Canning or Preserving
Every year, the usual farm woman tended and harvested a large vegetable garden to fill her larder. She probably dug potatoes, carrots and other root vegetables and stored them in a cool dry cellar and kept lots of squash and pumpkins. But she would preserve much of her fruits and vegetables for the winter in the blue canning jars you can find on the stored on top shelves in the Dean House pantry. She probably canned tomatoes, green beans, carrots and onions from her garden; and also many different types of meats that were raised on the farm or brought in by hunters. Also, she probably canned fruits and berries, too. Berry picking was a job she could ask the children to do. There was probably an apple orchard on the farm so she could "put up" applesauce and apple butter for the long winter. She might have canned purchased peaches, pears and cherries in season. All of this food would have been prepared for canning right on this little table. The filled canning jars were capped and sealed with a red rubber ring and then set in a large kettle of water boiling on the little stove behind the door.

A farmer's wife must have felt a great deal of satisfaction when all of her hard work kept her family fed. On a cold winter's night, can you imagine her fixing a dinner by taking down a jar of beef, a jar of vegetables, and maybe a jar of fruit from the shelves? Add some fresh homemade bread, and some potatoes from the cold cellar and she could provide a complete and delicious meal - prepared on this table in the pantry.

Second Sunday Open House Each Month Welcomes Visitors from 2:00 to 4:00 p.m.

The way life was lived before the other turn of the century is put on view at the Dean House on the afternoon of the Second Sunday of each month for folks of varying interests. Whether it's design, handcrafts, technology, architecture, fashion, tools or gadgets that is of interest, there is something for a variety of interests and a tour guide to help explain it. The board is happy to note that more people are walking up the property's most recent improvement - a brick front walk - to enter by the front door.

On Memorial Day HBGHS Will Sell Coffee, Sodas and Cinnamon Rolls On the Dean House Front Porch

Whether a parade viewer wants to be warmed up with coffee, or cooled down with a soft drink, or energized by a sweet roll, the Historic Blooming Grove Historical Society volunteers will have something to fill these needs before and during the parade that is passing by 4718 Monona Drive on Memorial Day. Proceeds from these sales will benefit the Dean House maintenance fund.

Back Porch Concerts to Continue on Thursday Evenings in the Summer

The popular community event known as the Back Porch Concert will be held each Thursday evening for five weeks during the summer of 2001.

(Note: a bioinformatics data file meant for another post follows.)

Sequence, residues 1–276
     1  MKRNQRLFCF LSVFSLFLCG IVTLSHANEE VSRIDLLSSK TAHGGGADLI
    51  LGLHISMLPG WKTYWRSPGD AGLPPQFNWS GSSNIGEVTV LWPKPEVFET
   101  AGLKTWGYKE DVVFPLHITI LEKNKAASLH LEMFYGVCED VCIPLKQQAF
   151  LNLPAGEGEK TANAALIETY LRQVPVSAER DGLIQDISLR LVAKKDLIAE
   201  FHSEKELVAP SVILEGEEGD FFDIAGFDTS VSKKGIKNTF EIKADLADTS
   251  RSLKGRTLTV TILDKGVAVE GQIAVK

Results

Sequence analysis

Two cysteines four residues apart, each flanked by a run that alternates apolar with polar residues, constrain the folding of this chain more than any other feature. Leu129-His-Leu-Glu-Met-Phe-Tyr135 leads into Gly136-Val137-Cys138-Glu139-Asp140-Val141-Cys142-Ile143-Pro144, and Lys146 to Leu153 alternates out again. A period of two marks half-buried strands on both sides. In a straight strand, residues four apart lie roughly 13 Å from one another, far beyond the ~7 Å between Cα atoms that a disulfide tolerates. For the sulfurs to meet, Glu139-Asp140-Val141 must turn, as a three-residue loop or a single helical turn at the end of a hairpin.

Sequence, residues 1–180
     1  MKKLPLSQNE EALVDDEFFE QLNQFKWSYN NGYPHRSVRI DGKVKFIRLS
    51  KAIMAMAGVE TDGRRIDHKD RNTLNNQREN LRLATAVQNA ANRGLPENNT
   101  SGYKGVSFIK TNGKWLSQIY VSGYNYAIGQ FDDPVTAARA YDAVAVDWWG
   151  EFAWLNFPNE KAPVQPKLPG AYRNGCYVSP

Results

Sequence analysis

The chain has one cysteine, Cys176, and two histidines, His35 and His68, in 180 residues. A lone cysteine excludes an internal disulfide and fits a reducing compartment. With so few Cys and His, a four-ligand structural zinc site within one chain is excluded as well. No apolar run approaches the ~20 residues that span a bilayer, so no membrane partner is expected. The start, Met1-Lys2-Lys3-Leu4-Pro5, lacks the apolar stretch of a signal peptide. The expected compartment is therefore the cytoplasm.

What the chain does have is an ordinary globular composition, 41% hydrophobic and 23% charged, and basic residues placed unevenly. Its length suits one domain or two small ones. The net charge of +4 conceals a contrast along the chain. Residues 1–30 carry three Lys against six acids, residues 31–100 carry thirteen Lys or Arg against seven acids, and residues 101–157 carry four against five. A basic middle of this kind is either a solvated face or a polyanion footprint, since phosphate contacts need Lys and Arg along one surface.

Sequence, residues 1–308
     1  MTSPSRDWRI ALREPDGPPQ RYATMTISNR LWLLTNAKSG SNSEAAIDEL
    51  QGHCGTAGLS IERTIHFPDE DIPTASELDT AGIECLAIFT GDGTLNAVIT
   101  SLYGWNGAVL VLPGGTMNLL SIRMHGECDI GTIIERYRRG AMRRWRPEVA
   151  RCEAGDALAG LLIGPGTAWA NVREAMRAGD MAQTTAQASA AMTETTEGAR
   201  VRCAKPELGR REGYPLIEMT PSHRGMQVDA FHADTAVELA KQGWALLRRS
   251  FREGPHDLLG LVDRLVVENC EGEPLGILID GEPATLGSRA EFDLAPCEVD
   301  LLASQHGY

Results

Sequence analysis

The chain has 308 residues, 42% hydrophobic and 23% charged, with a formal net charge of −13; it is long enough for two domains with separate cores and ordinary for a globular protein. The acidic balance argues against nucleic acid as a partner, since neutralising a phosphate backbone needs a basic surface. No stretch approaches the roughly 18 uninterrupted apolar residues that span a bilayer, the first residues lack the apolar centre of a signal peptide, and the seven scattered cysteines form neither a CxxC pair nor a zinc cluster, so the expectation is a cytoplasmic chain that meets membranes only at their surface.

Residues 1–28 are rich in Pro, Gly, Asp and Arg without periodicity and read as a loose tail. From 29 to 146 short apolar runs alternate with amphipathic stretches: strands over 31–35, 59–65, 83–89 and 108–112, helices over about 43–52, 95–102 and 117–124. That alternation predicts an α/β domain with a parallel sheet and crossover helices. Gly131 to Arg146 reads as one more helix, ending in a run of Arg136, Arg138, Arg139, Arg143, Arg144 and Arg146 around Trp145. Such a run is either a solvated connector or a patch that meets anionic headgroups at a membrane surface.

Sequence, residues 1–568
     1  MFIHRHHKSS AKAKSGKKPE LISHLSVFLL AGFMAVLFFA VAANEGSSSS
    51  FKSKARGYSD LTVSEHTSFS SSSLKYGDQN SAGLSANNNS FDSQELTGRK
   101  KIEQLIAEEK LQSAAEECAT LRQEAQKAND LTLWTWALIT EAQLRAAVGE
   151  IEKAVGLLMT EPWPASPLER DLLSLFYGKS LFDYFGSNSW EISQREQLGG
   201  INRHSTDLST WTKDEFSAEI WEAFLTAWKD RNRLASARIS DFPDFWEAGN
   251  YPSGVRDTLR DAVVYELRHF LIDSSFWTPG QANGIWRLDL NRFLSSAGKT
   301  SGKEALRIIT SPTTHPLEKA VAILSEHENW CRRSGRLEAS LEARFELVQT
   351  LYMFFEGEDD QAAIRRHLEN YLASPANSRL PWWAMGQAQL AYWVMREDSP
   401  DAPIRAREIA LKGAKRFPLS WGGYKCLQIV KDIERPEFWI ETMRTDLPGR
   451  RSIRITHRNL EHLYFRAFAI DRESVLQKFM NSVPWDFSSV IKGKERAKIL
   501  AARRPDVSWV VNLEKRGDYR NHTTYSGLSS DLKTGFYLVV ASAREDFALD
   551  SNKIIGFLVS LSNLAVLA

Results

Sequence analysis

A variety of types of music will be offered by local musical groups who volunteer their time and talents for the benefit of the Dean House each Thursday evening beginning at 7:15 p.m. and concluding before the mosquitoes become too troublesome. The performers use the back porch for a stage and the audience provides its own seating -or lounging - equipment.

Chair Anne Wellman has arranged the concert schedule as follows:

  • July 5 - Ole Sven, Norwegian Tunes and Humor
  • July 12 - The New Horizon Band of Madison
  • July 19 - The Swinging Seven
  • July 26 - Old Tyme Fiddlers
  • Aug. 2 - The Stone Ring - Celtic and Scottish Music and Ice Cream Social

Docents will be on hand to give tours of the Dean House and sell cold sodas.

There is no admission charge, but the "hat is passed" for free-will donations. Watch for newspaper announcements, flyers, the Society's Website, and future mailings for more information about the performers.

The Blooming Grove Courier is published periodically by the Historic Blooming Grove Historical Society, PO Box 6704, Monona 53716-0704. Editor Dorothy Haines, 221-4948.

Historic Blooming Grove Historical Society Officers:
President: Jim Stickels 221-1324
Vice-president. Allan Burling 222-1361
Secretary: Alice Schuller 222-6851
Treasurer: Don Taylor 222-9507

Board Members:
Jean Dent
Catherine Gedko
Dorothy Haines
Bill Rider and Marie Rider
Gloria Simley
Judy Taylor
Helen Wentland
Helen Cattell

Past president: C. Anne Wellman,
Dean House Manager: Robert Bean 222-5783

Founded in 1971, the Historic Blooming Grove Historical Society preserves and advances the culture and history of the Blooming Grove, Monona and Southeast Madison, Wisconsin area. To fulfill this purpose the Dean House is used as a center for cultural events and local history study. It is hoped that the Dean House is a living testimony to the pioneer spirit fostering our American heritage and a representation of that spirit in the historic Township of Blooming Grove.



Historic Blooming Grove Historical Society
PO Box 6704
Monona, W1 53716-0704

Check is enclosed for

______ Contribution for Dean House restoration/maintenance
______ Membership at $10/yr individual
______ Membership at $I 5/yr family
______ Sustaining membership at $25 -$500

Name ___________________________________________________________________________

Address _________________________________________________________________________

City _________________________________ Zip____________ Phone ______________________

HBGHS is a tax-exempt non-profit organization

Historic Blooming Grove Historical Society